Chile’s State-owned Codelco, the world’s No. 1 copper producer, is shelving its plan to bring in international partners to develop the country’s vast reserves of lithium, as the company —reports Pulso (in Spanish)— has decided to focus on its $27 billion projects pipeline.
Chile owns 70% of the world’s known lithium reserves. But due to current regulations, dating back to 1986, only two companies are allowed to mine the increasingly popular metal used as a key component in smartphones, hybrid cars and computer batteries.
Late last year, the Chilean government attempted to bypass this legislative obstacle by launching a tender for special lithium contracts, but the process was cancelled after irregularities came to light. The main issue was that the top executive of the winning company, was Chile’s Minister of Mines’s brother, which many argued could have meant he had access to classified information.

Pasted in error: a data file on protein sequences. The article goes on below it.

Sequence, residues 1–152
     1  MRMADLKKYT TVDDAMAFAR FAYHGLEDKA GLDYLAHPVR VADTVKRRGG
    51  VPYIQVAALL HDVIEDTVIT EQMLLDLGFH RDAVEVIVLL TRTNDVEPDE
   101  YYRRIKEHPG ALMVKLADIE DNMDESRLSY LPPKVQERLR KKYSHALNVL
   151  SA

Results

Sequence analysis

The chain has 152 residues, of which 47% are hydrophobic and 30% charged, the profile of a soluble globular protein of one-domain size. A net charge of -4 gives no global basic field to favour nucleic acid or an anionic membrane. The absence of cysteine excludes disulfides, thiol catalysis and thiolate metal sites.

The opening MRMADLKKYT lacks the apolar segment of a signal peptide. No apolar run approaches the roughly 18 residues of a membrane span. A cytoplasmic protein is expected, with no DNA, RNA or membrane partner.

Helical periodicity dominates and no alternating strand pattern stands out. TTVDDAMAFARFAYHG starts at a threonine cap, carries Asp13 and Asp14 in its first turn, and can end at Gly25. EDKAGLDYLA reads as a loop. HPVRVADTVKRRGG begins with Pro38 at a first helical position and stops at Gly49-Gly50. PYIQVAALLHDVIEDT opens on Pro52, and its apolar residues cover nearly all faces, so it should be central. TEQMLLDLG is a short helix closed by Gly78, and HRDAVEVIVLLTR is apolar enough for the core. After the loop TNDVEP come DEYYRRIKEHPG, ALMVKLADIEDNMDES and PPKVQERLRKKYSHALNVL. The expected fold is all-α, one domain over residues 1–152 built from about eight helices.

The failure of that tender, as well as political and civil opposition towards the awarding of lithium concessions has made the legal path towards lithium mining in the South American nation quite uncertain.
But Robert Baylis, industrial minerals research manager at UK-based Roskill Information Services, says the move would be worth it, as the market for the commodity is growing at a brisk pace and is dominated by only a handful of firms, including SQM, FMC, ROC, Canadian miner Talison Lithium and mining behemoth Rio Tinto.
Image by REdUSE